The China Pavilion at the ShangHai 上海 World Expo

The stunning China Pavilion stands 63 meters tall.


The unique structural component of interlocking wooden brackets is one of the most important elements in traditional Chinese architecture; DouGong dates from the Spring and Autumn Period (770 BC - 467 BC).


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Shanghai is one of China's most dynamic and cosmopolitan cities, blending a rich history with modern skyscrapers and vibrant culture. Here's what you need to know as a tourist visiting Shanghai:

Historical and Cultural Landmarks:
The Bund: This iconic waterfront promenade along the Huangpu River features colonial-era buildings on one side and futuristic skyscrapers on the other, offering stunning views of Shanghai's skyline.

Yu Garden: Dating back to the Ming dynasty, Yu Garden is a classical Chinese garden with pavilions, ponds, and rockeries. The nearby Yu Garden Bazaar is a great place to shop for souvenirs and traditional crafts.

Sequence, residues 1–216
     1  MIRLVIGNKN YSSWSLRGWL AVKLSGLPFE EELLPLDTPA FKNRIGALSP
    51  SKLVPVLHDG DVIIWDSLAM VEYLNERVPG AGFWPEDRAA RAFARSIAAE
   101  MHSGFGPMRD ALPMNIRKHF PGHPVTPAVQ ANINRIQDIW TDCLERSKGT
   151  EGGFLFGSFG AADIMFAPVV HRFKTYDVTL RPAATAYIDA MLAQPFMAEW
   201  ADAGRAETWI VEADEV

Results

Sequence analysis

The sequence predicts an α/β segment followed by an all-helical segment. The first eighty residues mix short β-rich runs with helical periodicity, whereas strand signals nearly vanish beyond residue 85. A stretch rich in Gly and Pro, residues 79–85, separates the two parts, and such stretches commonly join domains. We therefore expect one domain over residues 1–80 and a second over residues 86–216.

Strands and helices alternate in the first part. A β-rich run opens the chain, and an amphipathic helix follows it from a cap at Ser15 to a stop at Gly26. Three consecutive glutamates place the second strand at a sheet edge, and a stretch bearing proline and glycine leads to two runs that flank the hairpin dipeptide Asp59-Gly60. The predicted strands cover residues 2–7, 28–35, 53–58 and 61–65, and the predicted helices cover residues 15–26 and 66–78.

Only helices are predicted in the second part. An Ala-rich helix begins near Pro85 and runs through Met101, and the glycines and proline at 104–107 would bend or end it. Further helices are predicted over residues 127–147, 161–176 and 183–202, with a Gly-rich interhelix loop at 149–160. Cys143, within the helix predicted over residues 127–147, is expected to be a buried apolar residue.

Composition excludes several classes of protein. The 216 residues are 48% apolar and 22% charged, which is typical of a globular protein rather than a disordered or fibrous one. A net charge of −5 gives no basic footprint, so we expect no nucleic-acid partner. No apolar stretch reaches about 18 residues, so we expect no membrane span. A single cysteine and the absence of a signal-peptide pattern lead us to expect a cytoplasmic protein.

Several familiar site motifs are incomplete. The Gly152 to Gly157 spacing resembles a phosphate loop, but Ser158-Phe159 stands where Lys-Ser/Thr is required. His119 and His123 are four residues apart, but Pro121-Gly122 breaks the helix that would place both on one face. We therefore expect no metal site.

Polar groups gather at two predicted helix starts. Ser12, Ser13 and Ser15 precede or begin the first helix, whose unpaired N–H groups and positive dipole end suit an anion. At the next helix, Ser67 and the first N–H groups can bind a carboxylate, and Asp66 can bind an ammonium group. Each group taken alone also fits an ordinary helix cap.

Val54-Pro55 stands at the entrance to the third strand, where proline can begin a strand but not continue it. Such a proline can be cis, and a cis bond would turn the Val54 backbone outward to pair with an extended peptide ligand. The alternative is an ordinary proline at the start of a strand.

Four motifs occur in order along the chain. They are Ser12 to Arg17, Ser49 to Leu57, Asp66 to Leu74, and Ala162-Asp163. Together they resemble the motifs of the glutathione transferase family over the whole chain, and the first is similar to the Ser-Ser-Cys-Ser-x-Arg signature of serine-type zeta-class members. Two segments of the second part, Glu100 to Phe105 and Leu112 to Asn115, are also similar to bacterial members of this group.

Shanghai Museum: Home to an extensive collection of Chinese art and artifacts, including bronzes, ceramics, paintings, and calligraphy, the Shanghai Museum is a must-visit for history and art enthusiasts.

Jing'an Temple: One of Shanghai's most famous Buddhist temples, Jing'an Temple is known for its beautiful architecture, peaceful atmosphere, and towering golden Buddha statue.

Modern Attractions:
Shanghai Tower: Ascend to the observation deck of this iconic skyscraper, the tallest in China and the second-tallest in the world, for panoramic views of the city.

The Oriental Pearl TV Tower: Another iconic landmark, this futuristic tower offers observation decks, a glass-bottomed skywalk, and a revolving restaurant.